Page 2944 - Week 08 - Thursday, 25 June 2009

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week, because it just felt that way; it was three days. As the three days went on, everyone was reporting on the things that they did, and actually everybody was working on sustainability issues. One of the more interesting auditor-general reports was from Tasmania, about species elimination. If we are not talking about sustainability with species elimination, I do not know what we are talking about.

It was a very valuable opportunity for all of us. I commend the report to the Assembly. I thank very much the committee’s secretary, Andrea Cullen, for basically writing the report. I think it is possible that other members may wish to speak on the conference.

MR SMYTH (Brindabella) (11.19): I would like to concur with the comments of the chair of the public accounts committee. I would like to thank the secretary of the committee, who has produced a remarkable report about a very dry conference—a whole lot of public accounts committees talking about economic issues.

Mr Barr: Sounds like an awesome experience.

MR SMYTH: Oddly enough, it is very much a grounding experience, because the principles that have been discussed in these conferences over the years often tend to be the same thing. The progress is slow but steady.

The interesting thing that a number of the speakers focused on was the roles of auditors-general. We were very lucky to have address the conference the chair of the British public accounts committee. I have to say—I think the chair of our PAC would agree—that he was perhaps the most entertaining of speakers. He had this tremendous sort of plummy English accent and that air of understatement, but he was quite entertaining.

The other highlight of the conference was at the dinner. The address was given by the Governor of the New Zealand Reserve Bank. He got up to give a speech, which basically went along these lines: “The crisis started in Central Asia; it moved to the Middle East, jumped into the Balkans, went to Italy, jumped into France and Germany, went across to England, went across to Ireland and went to Iceland.” We are all going, “No, no. The economic crisis started in America.” He goes, “It went across to Iceland, where it killed 60 per cent of the population.” I forget the year that he quoted; I think he said 1347. He said, “It is 1347 and I am talking about the bubonic plague.”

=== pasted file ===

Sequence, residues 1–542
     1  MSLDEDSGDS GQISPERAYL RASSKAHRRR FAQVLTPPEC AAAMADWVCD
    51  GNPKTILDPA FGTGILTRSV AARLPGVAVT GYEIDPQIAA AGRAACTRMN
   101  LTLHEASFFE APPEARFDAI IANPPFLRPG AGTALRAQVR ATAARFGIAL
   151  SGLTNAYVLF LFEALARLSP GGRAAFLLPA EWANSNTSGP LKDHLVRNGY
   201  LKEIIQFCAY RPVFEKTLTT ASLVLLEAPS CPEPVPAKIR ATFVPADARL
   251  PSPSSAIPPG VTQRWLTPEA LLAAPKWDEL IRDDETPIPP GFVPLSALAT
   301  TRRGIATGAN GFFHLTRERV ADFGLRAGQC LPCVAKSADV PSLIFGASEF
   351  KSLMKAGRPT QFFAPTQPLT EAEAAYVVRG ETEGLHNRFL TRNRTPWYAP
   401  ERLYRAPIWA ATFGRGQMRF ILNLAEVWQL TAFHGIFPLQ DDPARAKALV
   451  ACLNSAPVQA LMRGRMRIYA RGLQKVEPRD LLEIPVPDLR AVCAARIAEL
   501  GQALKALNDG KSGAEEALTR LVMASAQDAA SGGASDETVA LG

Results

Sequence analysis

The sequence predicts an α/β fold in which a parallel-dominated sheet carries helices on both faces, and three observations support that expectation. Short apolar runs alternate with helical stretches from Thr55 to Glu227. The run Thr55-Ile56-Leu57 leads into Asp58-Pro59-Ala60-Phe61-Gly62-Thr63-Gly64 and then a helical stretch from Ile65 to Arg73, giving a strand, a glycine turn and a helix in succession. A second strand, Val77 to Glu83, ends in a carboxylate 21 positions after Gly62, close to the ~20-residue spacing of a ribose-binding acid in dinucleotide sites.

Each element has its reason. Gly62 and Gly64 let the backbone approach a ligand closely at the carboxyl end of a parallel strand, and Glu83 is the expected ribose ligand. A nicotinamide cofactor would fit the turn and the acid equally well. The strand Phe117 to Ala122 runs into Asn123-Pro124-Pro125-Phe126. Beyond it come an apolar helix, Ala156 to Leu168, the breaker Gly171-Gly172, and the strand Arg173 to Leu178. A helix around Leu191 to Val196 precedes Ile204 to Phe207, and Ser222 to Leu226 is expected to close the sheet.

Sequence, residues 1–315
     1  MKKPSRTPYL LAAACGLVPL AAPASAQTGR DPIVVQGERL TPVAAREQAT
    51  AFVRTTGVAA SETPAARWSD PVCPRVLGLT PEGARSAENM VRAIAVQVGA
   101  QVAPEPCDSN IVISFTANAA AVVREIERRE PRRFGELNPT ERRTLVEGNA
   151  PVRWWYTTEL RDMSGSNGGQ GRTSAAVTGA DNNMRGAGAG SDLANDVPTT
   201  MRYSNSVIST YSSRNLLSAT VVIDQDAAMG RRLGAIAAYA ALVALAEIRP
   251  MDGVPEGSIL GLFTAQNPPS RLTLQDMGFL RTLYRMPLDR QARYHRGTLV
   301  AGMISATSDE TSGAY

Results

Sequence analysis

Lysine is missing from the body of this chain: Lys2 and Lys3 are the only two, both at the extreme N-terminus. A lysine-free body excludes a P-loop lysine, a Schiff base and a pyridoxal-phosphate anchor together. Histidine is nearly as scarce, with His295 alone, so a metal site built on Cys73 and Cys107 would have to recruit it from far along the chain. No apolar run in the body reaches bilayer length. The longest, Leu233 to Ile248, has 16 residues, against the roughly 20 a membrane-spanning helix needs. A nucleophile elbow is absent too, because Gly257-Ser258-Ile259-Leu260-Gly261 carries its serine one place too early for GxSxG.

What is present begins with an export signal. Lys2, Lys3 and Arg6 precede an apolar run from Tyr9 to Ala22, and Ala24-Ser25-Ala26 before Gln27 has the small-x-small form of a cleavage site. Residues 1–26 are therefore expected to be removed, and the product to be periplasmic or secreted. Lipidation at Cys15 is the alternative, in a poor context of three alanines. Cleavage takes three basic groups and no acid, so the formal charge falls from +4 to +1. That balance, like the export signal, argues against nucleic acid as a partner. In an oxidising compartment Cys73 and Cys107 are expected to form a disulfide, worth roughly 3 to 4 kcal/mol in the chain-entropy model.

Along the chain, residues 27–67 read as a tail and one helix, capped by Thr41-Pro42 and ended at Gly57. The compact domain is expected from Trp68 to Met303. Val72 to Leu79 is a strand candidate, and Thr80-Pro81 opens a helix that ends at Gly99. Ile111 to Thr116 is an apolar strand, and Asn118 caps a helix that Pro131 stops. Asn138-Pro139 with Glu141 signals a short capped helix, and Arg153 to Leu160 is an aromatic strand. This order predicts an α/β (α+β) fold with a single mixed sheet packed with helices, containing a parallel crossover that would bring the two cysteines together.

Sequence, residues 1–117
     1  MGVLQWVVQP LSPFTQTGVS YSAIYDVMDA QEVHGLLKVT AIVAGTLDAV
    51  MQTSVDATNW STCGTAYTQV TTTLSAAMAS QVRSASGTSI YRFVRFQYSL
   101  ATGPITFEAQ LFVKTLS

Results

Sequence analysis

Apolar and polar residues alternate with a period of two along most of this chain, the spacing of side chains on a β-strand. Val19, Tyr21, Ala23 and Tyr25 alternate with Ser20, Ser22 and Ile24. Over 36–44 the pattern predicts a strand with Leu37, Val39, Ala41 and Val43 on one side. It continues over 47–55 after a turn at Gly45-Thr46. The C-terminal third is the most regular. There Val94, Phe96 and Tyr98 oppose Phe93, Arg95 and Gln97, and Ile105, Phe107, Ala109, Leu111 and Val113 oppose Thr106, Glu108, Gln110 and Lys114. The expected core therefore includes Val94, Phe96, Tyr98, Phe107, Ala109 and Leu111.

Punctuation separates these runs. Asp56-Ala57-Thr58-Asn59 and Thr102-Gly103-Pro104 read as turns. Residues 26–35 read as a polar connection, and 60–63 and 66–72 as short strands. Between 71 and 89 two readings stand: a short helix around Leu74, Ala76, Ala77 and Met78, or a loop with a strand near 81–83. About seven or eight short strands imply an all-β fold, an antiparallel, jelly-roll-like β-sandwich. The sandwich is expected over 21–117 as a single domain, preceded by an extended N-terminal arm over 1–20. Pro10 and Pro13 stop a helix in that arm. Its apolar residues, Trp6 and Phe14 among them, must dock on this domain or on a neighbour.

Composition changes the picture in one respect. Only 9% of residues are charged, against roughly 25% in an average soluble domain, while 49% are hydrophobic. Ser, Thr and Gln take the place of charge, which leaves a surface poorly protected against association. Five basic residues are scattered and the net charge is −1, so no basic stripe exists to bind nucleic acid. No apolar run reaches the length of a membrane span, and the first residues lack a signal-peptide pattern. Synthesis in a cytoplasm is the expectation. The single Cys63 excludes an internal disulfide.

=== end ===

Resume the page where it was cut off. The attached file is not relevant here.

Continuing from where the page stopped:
He said, “Now let me talk about the global economic crisis. It started in America and the housing market equities.” He rattled off these things and did a parallel about how bad the bubonic plague had been, how the world at that stage had no answers and how they stumbled their way through it. He then finished by saying, “You know, we have done everything that we can across the world in terms of addressing the economic crisis, and we have done it in many different ways, but I would just like to finish by leaving you with this thought: a child was discovered in Madagascar the other day who has a strain of the bubonic plague that is resistant to all known antibiotics and treatments.”

Then he just finished. He walked off and just left us all hanging there thinking, “Well, hang on. You have got to finish the story. What is the answer?” I think the point he

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